Market size and the demand for talent in major league baseball
AbstractIn this article, we look at how revenues affect the personnel decisions of Major League Baseball (MLB) teams. It is well established that teams with the strongest demands end up with the top stars and deepest benches, thus the best chance of winning. Since a team's demand for talent is its Marginal Revenue Product, the critical test is whether large-market teams have a greater Marginal Revenue (MR). Controlling for the impact of re-distributional efforts by MLB, we find that the MR of a large-market team is about 50% larger than that of a small-market team. Furthermore, we find that re-distributive efforts have a more severe effect on small-market teams. “Are the New York Yankees a dynasty because they outsmarted everyone? No, they just outspent everyone.” Sam Smith, Chicago Tribune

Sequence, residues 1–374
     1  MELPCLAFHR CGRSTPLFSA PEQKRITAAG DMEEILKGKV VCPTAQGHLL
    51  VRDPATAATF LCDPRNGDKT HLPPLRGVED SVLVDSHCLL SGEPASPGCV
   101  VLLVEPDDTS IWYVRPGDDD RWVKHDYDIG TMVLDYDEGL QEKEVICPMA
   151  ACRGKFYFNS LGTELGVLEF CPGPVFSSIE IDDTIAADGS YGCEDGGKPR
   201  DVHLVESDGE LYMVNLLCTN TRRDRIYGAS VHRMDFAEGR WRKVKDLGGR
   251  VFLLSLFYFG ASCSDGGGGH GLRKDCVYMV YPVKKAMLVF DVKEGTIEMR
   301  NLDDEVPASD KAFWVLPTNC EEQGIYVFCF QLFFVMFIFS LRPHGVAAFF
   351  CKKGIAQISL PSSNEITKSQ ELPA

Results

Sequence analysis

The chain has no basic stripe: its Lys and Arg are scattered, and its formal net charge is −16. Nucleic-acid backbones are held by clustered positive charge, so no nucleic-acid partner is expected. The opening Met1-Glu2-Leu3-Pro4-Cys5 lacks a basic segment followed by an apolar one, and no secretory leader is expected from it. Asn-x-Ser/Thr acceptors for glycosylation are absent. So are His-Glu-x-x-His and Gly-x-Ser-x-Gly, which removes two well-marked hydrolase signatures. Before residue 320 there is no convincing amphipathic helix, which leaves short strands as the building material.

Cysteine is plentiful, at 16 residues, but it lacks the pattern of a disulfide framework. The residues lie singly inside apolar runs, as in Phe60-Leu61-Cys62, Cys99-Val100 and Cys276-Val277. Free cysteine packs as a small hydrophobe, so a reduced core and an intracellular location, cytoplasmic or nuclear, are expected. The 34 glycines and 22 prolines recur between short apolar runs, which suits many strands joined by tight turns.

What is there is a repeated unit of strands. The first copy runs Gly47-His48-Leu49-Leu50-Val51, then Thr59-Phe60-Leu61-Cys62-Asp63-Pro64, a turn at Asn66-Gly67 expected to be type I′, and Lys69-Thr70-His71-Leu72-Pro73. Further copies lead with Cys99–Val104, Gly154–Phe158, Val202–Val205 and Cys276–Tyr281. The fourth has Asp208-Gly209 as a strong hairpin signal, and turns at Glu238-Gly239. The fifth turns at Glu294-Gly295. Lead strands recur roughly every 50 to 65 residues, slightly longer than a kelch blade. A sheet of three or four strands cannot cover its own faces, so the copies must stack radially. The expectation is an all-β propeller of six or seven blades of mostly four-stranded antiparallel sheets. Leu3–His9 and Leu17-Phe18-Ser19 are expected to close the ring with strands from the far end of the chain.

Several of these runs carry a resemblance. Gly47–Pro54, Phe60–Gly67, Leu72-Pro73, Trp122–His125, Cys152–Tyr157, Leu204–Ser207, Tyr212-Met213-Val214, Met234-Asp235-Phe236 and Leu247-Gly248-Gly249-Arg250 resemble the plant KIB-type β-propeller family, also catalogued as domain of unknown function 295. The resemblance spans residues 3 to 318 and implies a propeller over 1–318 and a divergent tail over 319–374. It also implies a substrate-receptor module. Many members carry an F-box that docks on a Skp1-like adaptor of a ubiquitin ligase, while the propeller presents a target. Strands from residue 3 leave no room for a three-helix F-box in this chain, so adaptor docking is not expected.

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Bibliographic InfoArticle provided by Taylor and Francis Journals in its journal Applied Economics.
Volume (Year): 41 (2009)
Issue (Month): 25 ()
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Web page: http://www.tandf.co.uk/journals/routledge/00036846.html
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- Rockerbie, Duane W, 2012. "Exploring inter-league parity in North America: the NBA anomaly," MPRA Paper 43088, University Library of Munich, Germany.
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